Cattle producers are being urged to plan their pneumonia management
protocols early this year because of vaccine limitations and restricted
disease treatment options.
“Pneumonia is a very complex disease caused by viruses,
bacteria and mycoplasmas. And as it is not possible to eradicate
many of the pathogens that cause pneumonia, the risk of a disease
outbreak is ever present,” cautions Schering-Plough Animal
Health livestock veterinary adviser Andrew Montgomery.
“Vaccination is a sound prevention measure for some production
systems, but will not prevent all outbreaks. For example, there
is no vaccine available for pneumonia caused by the bacterial pathogens
H.somni and P. multocida,” he points out.
“If your unit does suffer from pneumonia problems do get
your vet to do some investigation to try and identify the causal
pathogens. That will help you decide if vaccination is the best
control option,” he advises.
Most farmers tend to rely on antibiotics to get them through pneumonia
outbreaks, but Andrew Montgomery suggests it’s worth making
sure your antibiotic of choice is effective against all of the
major bacterial causes of the disease, including H. somni and P.
multocida. “Either check the label, or contact your vet to
be absolutely sure,” he says.
Pneumonia management issues are further complicated this coming
season by the fact that the range of antibiotics farmers can administer
to cattle themselves has now been restricted. Following the deaths
of two farmers in the USA after accidental self-injection, the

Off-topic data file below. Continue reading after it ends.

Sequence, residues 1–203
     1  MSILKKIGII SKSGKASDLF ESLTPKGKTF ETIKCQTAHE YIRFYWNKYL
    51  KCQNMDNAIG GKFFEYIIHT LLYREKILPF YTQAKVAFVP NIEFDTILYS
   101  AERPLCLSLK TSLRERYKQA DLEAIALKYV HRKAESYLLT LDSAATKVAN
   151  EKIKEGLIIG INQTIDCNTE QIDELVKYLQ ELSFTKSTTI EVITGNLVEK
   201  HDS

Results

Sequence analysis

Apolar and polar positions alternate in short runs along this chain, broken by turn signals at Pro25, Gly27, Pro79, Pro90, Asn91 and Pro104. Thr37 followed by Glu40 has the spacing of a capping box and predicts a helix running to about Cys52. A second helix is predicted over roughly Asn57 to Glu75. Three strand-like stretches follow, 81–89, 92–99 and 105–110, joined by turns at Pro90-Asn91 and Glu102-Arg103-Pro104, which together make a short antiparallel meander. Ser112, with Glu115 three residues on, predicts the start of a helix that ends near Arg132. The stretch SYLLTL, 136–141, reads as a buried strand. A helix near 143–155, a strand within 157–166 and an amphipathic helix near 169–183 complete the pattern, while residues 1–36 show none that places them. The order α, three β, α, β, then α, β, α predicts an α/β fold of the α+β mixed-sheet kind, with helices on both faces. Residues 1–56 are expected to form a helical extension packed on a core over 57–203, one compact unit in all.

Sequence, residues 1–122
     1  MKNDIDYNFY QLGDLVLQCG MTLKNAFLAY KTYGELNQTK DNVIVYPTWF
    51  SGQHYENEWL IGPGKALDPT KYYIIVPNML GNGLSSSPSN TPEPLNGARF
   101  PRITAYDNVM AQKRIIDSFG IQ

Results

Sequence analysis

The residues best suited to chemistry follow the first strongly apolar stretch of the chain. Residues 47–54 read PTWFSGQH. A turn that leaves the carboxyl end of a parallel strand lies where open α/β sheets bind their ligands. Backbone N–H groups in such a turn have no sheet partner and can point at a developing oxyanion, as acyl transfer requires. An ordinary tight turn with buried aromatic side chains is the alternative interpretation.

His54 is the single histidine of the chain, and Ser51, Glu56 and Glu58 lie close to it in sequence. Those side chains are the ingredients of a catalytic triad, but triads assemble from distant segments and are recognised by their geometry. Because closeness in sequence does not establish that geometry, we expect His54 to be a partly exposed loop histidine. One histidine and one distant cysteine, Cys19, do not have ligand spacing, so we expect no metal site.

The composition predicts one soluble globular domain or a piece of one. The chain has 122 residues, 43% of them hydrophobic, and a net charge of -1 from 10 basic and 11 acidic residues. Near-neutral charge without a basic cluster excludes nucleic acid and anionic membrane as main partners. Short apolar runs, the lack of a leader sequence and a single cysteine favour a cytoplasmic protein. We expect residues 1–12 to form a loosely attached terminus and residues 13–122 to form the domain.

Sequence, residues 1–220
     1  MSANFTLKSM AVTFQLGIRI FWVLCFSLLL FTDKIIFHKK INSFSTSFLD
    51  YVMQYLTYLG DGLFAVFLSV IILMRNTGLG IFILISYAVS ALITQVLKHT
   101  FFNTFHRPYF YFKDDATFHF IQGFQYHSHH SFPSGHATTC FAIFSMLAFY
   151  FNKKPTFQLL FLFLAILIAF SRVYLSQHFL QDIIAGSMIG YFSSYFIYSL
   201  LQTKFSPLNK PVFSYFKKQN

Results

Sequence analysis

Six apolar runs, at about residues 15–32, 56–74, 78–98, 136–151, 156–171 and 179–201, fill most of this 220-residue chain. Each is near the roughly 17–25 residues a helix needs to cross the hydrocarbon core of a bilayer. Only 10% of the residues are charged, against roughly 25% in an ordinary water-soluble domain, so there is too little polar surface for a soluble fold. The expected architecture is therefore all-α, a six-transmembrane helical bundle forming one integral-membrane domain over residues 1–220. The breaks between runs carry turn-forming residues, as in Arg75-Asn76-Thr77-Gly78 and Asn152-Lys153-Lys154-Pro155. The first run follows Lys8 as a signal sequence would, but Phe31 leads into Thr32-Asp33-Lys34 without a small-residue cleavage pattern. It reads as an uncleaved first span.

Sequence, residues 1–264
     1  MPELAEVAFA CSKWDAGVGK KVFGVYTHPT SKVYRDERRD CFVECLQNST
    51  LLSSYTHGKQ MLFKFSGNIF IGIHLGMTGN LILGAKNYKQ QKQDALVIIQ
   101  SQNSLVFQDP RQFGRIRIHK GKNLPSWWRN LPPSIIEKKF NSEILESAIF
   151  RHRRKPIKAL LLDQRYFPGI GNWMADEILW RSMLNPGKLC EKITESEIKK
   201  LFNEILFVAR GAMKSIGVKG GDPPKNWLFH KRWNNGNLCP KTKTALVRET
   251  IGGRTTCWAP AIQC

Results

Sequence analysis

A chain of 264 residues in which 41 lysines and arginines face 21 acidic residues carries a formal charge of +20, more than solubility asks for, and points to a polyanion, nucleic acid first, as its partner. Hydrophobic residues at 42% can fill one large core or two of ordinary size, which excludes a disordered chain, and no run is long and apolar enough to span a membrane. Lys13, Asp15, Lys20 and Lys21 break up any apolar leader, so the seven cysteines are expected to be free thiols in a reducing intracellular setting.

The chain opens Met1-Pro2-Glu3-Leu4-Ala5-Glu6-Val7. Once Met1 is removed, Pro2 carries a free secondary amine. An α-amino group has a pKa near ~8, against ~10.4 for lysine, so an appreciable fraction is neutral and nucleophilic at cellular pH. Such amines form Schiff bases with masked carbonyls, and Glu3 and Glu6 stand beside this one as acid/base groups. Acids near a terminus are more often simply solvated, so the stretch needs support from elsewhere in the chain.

pneumonia treatment containing tilmicosin can now only be injected
by a veterinary surgeon.
“The tilmicosin restriction leaves some UK farmers looking
for a trusted alternative first line treatment they can use themselves
if pneumonia breaks out suddenly,” Andrew Montgomery explains.
“For these farmers our advice is talk to your vet as soon
as possible to agree protocols for the coming season. Important
issues you may wish to discuss include speed of action, spectrum
of bacteria killed and the known resistance to the different antibiotics
available. For example, Nuflor reaches active levels within 30
minutes of administration, kills all major pneumonia-causing bacteria
and recent studies show no resistance in the common pneumonia bacteria.
It is also long acting (up to six days from one subcutaneous injection),” he
“Unlike tilmicosin, Nuflor is licensed for Histophilus somni
pneumonia. It is also active against Mycoplasma bovis. In summary,
Nuflor kills all the five major pneumonia bacteria, and can be
used for batch treatment to limit the spread of disease within
groups of cattle or calves,” he says.
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